Lourdes Salavar remembers trying to navigate her two daughters through Bellevue schools, unsure of how the education system here worked...

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Lourdes Salavar remembers trying to navigate her two daughters through Bellevue schools, unsure of how the education system here worked compared to her native Mexico.

“I didn’t have a language problem, but I had a cultural-difference problem,” said Salavar, whose daughters are now both in college. “I didn’t go to school in the U.S., so I didn’t know the process for signing my kids up for cheerleading or soccer. … I think now that there may have been things they missed out on.”

The barriers are even greater for parents who don’t speak English, Salavar said.

Many Spanish-speaking parents want to be more involved with their children’s education but aren’t sure how or are afraid to speak up, said Salavar, president of the Eastside Latino Leadership Forum.

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As schools in Bellevue prepare to open Tuesday, the district is beginning several new programs aimed at arming Spanish-speaking parents with the information and confidence to be active in their children’s schools.

The district recently released an hourlong Spanish-language DVD that walks parents through the basics of how to enroll their children in elementary, middle or high school. The production stars district employees who explain in Spanish ways parents can get involved in their children’s education, how to contact teachers or administrations, and different programs and services available to their children.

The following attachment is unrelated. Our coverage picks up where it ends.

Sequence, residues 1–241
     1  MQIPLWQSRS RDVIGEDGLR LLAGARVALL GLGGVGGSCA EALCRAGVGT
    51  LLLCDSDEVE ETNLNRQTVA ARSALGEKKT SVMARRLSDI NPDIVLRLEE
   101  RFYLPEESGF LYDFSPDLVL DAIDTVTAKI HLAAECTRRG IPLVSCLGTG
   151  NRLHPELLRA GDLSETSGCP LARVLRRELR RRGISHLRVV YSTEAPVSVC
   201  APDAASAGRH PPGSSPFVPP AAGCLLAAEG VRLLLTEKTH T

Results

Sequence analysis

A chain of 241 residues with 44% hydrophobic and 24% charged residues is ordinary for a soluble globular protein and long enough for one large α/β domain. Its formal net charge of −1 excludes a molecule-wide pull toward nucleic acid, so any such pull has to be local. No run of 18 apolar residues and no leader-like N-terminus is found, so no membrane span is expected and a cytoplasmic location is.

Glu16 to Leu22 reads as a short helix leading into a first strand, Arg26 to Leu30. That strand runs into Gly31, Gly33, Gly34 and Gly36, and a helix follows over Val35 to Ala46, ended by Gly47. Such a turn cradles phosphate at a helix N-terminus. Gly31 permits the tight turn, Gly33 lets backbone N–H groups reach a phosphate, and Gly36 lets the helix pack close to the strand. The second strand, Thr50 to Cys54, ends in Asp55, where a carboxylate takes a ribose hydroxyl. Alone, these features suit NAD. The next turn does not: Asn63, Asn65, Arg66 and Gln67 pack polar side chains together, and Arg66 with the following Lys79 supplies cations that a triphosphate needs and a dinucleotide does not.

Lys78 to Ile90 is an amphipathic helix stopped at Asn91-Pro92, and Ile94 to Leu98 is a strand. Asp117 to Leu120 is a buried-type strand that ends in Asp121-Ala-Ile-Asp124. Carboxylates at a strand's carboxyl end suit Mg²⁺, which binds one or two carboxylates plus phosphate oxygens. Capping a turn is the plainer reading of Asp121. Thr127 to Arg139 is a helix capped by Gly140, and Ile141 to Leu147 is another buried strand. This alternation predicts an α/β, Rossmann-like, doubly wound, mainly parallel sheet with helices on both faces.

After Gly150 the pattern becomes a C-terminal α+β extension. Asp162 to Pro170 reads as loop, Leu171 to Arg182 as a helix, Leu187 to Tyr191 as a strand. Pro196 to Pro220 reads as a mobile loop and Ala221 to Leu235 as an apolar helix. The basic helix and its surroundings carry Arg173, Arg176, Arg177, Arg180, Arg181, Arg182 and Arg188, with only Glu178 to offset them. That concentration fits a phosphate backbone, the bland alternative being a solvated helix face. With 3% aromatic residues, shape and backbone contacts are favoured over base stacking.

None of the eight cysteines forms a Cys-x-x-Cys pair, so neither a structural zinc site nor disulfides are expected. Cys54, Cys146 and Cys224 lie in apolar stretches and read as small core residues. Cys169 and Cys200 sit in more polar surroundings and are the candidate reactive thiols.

The district has distributed 300 DVDs to apartments, churches and other community-gathering places in the city to be distributed to new Spanish-speaking residents, said Ann Oxrieder, assistant to the superintendent, who oversaw the DVD project.

The district is also working to set up a mentoring program for non-English speaking parents. The district is hoping to pair parents who are familiar with Bellevue schools with new non-English speaking parents. The district hopes mentoring will empower new parents who might feel uncomfortable asking administrators or teachers questions.

“It’s confusing and lonely when you don’t know the process and there’s no one to tell you,” Salavar said.

Bellevue has one of the more diverse student populations of Eastside school districts. According to statistics compiled by the state Office of the Superintendent of Public Instruction, Hispanic students are the fastest-growing minority, with about 8.5 percent of Bellevue’s students. Whites make up 65.6 percent of the student population, and Asians and Pacific Islanders form the largest minority at about 23 percent.

Also, in October 2003, about 7.6 percent of the district’s students were considered transitional bilingual. About 60 languages are spoken by students attending Bellevue schools, Oxrieder said.

The new programs will join several started last year, including regular group parent meetings for Spanish speakers. The district held a Latino Student Leadership Conference in May and hopes to do the same this school year, Oxrieder said.

Some of these programs have sprung up from recent cultural-training sessions with district staff, said Superintendent Mike Riley.

“One thing that has come out of [the training] is that … kids will depend heavily on how mom and dad and siblings think,” Riley said. “So if you are going to work well with the kid, you have to work well with mom and dad.”

So far, the DVDs have received rave reviews. Spanish-speaking parents snapped up 30 of them after Saturday’s Spanish-language Mass, said Jenny Resendez, pastoral assistant at St. Louise Catholic Church.

“We made an announcement after Mass that this information was available,” Resendez said. “There are lots of families interested in how to be more involved with the schools and in communication with school teachers.”

Rachel Tuinstra: 206-515-5637 or rtuinstra@seattletimes.com